Uptown Messenger and Mid-City Messenger have moved into the new location of the Du Mois gallery and Villere Realty at 4609 Freret, and the space will have its grand opening from 5 to 8 p.m. tonight (Saturday, Sept. 14) for the premiere of a new show at the gallery, “Bathworks,” featuring the art of Brett Reif and Arlyn Jimenez.
Come by, see our beautiful new home (right in the middle of the block with our great neighbors at Zeus’ Place, the Freret Neighborhood Center, Dennis Barber Shop and Bloomin’ Deals and across from Company Burger), enjoy some drinks and some live music. Hope to see you there!
Uptown Messenger columnist jewel bush, founder of the MelaNated Writers Collective, will be speaking at 10 a.m. Saturday as part of a panel discussion on “Creating Community for Writers of Color” at the Rising Tide new media conference on the future of New Orleans at Xavier University. Below, find a short series of questions and answers with Bush:
How did the MelaNated Writers Collective get started?
I was in newspapers for 6 years, and when I left to begin doing communications and marketing for nonprofits and various organizations, I missed the camaraderie of the newsroom. I freelanced for awhile, but it’s not the same as being in a space with other writers. Around this time, I started to take my creative writing seriously and began attending literary workshops around the country like VONA (Voices of our Nation) the only multi-genre workshop for writers of color, co-founded by the Pultizer-prize winning author Junot Diaz and Callaloo when it was at Texas A&M. Spending time with other writers, talking shop with them was amazing. It was what I needed and as close as I could get to the newsroom energy without being in the newsroom. In fact, it was a little bit better, because this bunch of creatives weren’t as jaded or cynical as newsies can often be. They were motivated and psyched about writing.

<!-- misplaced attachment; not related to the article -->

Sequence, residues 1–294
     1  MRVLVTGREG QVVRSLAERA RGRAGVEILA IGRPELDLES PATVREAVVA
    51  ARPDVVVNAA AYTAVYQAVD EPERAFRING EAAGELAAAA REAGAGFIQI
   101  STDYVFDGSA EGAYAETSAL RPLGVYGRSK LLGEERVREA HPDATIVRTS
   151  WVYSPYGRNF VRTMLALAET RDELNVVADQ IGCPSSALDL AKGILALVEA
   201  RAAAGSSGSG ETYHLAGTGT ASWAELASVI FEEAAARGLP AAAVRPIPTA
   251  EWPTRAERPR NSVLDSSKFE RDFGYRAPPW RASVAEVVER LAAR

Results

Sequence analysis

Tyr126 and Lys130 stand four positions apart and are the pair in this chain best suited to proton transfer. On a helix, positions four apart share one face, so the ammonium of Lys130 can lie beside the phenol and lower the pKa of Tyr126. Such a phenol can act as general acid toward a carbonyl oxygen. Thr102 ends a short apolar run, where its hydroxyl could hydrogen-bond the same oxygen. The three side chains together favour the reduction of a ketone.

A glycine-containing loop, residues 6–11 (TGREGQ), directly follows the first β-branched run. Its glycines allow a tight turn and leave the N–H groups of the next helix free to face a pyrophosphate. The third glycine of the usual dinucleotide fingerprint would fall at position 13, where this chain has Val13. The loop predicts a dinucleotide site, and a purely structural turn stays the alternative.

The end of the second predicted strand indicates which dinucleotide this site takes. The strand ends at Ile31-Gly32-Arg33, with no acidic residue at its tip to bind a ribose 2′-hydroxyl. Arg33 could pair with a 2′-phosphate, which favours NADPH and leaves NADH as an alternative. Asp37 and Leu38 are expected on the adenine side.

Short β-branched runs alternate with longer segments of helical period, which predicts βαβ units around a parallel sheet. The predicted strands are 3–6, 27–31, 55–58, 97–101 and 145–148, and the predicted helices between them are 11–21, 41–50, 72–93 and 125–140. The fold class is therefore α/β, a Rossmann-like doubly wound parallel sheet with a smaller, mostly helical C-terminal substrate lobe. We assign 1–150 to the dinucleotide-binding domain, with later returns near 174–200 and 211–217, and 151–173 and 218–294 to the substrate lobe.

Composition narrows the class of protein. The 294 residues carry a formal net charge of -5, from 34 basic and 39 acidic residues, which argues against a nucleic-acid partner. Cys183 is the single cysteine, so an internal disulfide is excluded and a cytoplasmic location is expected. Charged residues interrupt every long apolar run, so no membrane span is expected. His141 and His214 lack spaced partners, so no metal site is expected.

After I did Callaloo and did VONA for the first time, I knew a week here or two weeks there of this was great, but it wasn’t enough. I knew I wanted and needed this year round at home. I knew I needed to recreate this here; and that’s what I did. I began talking to other writers, poets, bloggers, MFA students/graduates, journalists, teachers about this idea; and from there, the writers I knew introduced me to writers they knew and before you knew it there were nearly 20 people in my living room talking about their work and what it meant to be a writer of color living in New Orleans.
Three years ago, Uptown Messenger was just a crazy idea about how local news should be reported. Now, as we’ve grown into two sites covering breaking news, civic affairs, local schools and public events in two neighborhoods of New Orleans, we are clearly in need of a workspace where we can collaborate with one another in person and meet with our readers, sources and supporters.
Uptown Messenger and Gambit have entered into a newsgathering partnership. Stories from Uptown and Mid-City Messenger will appear in the print edition of Gambit, while stories from Gambit and BlogofNewOrleans.com that may be of interest to Messenger readers will be excerpted online. In addition, long-form stories based on reporting in Uptown and Mid-City Messenger will appear in Gambit.
Over the last two years, as Uptown Messenger has grown, readers from other parts of New Orleans often ask me when we’re going to expand into their neighborhoods — with those calls coming most frequently from Mid-City.